With roots in 16th and 17th century vanitas still life painting, from Rembrandt to Hirst, flesh has been treated as a metaphorical vehicle and worthy subject matter in its own right, apart from moralizing narratives. My paintings recall this rich tradition with a contemporary voice, embracing issues of beauty, death, and the material physicality of paint as a metaphor for temporal physical existence. For the last five years, my work has involved a focused, up-close examination of flesh ranging from what can be found in supermarkets to more exotic and less palatable animals.
As a starting point, it is vital that I have the sensory experience of physically handling my subjects before I paint them, as this contact informs the way I approach the paintings. By using close-cropped compositions, I seek to retain a sense of immediacy and mystery regarding the identity of the subject. The lighting and space also remain ambiguous to enhance the sensuous qualities of the flesh. I develop the body of the paint and the richness of the surface to emphasize the tactile qualities of the subject and the material of its representation. Through the process of working on multiple components simultaneously, the final pieces are composed organically of multiple panels united in polyptych format to imply a sense of movement, the passing of time, or a transformation.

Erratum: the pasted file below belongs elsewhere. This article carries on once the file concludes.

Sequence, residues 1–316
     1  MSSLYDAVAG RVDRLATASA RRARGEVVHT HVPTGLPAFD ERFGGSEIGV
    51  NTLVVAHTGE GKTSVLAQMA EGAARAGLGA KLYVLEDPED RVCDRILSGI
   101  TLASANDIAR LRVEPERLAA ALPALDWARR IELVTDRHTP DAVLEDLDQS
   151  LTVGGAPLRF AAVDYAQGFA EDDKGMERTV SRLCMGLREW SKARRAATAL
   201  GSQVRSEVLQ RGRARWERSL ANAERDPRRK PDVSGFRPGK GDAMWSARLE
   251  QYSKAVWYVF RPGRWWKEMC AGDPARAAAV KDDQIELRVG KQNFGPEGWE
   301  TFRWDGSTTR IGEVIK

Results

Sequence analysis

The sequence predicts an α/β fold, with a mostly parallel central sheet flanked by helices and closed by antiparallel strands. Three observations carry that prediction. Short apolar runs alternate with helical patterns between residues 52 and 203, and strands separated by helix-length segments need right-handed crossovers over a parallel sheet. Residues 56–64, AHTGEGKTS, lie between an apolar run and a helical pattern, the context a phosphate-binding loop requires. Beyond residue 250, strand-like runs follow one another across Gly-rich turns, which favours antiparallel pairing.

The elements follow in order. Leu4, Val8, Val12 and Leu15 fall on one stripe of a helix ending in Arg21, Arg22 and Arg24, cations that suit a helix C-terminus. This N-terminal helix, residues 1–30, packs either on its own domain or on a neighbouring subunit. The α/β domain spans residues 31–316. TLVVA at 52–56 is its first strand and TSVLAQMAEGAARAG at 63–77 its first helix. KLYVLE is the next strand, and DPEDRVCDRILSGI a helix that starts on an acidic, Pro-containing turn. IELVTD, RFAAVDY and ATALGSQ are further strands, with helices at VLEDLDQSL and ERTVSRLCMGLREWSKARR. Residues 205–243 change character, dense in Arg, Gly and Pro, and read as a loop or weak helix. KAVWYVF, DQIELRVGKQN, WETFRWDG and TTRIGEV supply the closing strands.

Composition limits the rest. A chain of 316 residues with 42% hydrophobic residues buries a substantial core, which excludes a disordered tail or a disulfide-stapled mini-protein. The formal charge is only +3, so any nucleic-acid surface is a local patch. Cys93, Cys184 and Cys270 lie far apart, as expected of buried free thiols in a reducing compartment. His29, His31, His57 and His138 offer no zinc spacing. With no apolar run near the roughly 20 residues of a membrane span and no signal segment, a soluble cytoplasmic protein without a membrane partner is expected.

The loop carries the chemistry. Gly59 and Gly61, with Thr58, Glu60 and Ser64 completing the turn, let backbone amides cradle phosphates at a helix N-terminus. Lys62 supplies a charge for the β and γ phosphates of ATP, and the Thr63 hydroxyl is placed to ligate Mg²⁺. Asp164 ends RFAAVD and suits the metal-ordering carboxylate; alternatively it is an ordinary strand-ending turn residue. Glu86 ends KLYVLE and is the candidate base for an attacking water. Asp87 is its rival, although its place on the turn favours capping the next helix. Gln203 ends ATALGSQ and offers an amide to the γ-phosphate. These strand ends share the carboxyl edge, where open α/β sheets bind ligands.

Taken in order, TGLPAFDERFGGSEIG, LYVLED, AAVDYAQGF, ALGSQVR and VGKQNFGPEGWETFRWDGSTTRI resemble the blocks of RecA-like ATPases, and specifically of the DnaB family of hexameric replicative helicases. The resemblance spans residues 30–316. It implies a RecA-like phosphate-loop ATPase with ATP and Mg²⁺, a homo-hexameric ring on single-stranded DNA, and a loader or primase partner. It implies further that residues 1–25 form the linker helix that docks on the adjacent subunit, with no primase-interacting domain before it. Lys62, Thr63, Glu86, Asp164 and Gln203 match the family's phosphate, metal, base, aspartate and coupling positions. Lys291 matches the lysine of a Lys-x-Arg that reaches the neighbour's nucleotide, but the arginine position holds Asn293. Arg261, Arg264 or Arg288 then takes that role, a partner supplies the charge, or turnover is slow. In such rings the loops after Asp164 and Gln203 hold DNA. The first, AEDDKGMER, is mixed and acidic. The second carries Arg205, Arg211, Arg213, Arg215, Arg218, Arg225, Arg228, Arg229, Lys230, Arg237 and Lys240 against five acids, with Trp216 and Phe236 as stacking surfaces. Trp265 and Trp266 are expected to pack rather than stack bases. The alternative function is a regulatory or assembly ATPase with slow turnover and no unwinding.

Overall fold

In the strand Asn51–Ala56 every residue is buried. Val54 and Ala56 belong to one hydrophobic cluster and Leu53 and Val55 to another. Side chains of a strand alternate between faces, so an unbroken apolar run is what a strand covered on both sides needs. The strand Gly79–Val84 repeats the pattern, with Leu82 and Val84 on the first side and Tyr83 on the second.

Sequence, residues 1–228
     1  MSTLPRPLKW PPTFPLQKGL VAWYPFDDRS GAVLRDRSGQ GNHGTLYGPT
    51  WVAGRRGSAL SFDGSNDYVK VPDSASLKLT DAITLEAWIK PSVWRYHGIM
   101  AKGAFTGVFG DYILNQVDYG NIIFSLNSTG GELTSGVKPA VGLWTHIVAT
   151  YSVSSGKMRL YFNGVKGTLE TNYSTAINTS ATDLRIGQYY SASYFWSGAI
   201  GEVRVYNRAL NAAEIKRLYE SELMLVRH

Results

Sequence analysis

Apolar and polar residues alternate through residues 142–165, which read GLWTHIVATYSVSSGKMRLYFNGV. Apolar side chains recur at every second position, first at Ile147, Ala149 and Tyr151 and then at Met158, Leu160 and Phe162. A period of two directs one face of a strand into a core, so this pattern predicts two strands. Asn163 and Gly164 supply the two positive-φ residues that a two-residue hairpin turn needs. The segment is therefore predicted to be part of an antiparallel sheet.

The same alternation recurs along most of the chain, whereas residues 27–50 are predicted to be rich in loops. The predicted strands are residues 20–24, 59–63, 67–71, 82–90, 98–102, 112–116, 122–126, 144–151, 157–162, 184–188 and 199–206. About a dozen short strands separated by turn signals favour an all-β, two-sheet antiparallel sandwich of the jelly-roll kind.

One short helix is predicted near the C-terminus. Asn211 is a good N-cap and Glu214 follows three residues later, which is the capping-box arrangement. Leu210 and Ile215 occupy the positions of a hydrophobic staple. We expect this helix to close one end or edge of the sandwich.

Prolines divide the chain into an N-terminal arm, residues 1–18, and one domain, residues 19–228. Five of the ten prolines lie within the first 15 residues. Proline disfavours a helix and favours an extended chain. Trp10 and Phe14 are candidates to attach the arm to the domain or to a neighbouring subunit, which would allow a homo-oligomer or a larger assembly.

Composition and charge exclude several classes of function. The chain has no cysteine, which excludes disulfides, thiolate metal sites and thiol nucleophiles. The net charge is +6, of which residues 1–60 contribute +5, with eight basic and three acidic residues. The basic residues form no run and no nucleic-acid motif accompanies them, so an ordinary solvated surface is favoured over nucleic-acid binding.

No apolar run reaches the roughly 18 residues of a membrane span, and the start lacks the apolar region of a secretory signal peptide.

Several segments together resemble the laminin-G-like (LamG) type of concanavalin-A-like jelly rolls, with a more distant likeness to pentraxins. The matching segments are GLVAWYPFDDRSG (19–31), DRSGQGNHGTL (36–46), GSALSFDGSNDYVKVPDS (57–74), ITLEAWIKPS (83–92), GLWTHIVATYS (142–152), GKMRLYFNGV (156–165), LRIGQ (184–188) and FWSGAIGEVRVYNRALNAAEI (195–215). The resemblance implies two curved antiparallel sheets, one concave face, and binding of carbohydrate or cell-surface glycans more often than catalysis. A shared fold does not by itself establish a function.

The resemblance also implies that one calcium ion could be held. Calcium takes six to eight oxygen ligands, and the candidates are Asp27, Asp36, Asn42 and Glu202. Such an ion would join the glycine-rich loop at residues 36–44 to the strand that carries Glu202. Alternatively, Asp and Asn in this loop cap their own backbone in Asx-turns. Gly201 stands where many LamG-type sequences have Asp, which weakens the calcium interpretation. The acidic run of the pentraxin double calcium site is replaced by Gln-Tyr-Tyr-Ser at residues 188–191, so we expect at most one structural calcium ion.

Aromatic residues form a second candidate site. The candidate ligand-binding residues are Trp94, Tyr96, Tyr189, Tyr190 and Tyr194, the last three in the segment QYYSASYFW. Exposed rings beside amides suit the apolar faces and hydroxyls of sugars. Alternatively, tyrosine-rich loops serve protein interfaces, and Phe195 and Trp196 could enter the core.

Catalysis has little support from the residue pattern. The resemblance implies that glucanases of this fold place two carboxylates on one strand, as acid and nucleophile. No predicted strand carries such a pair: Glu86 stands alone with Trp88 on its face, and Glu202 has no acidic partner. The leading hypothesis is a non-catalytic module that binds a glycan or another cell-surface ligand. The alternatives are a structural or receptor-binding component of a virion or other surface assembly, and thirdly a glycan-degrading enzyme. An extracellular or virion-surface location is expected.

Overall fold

My most recent paintings explore containers of flesh as metaphors for bodies. The series is entitled “Snarge”, a term referring to soft tissue that is removed during dissections. This material is collected in plastic bags, frozen and eventually incinerated, and the paintings capture specific fleeting moments along the way. The appearance of the bags changes as the dissection progresses: first they are filled with skin, fur, and fat, and later with muscle, tendon, and ligament. Droplets of water and the plastic itself reflect light from the outside while bubbles, beautiful reminders of transience, float within. The paintings reference close-up photographs of the bags, questioning the relationship between interior and exterior and examining the boundaries between microcosm and macrocosm.
My interest in this subject is rooted in the realization that all living things are made of transitory material, bound in the same inevitable cycle. This developed as a result of an acute awareness of my own mortality and my struggles with an upbringing that valued spirituality at the expense of corporal experience. I do not believe in a necessary opposition between flesh and spirit, but rather that flesh itself can transcend the merely physical through recognition of its material beauty. With this consistently in mind, I create my work in homage to beautiful corporeality.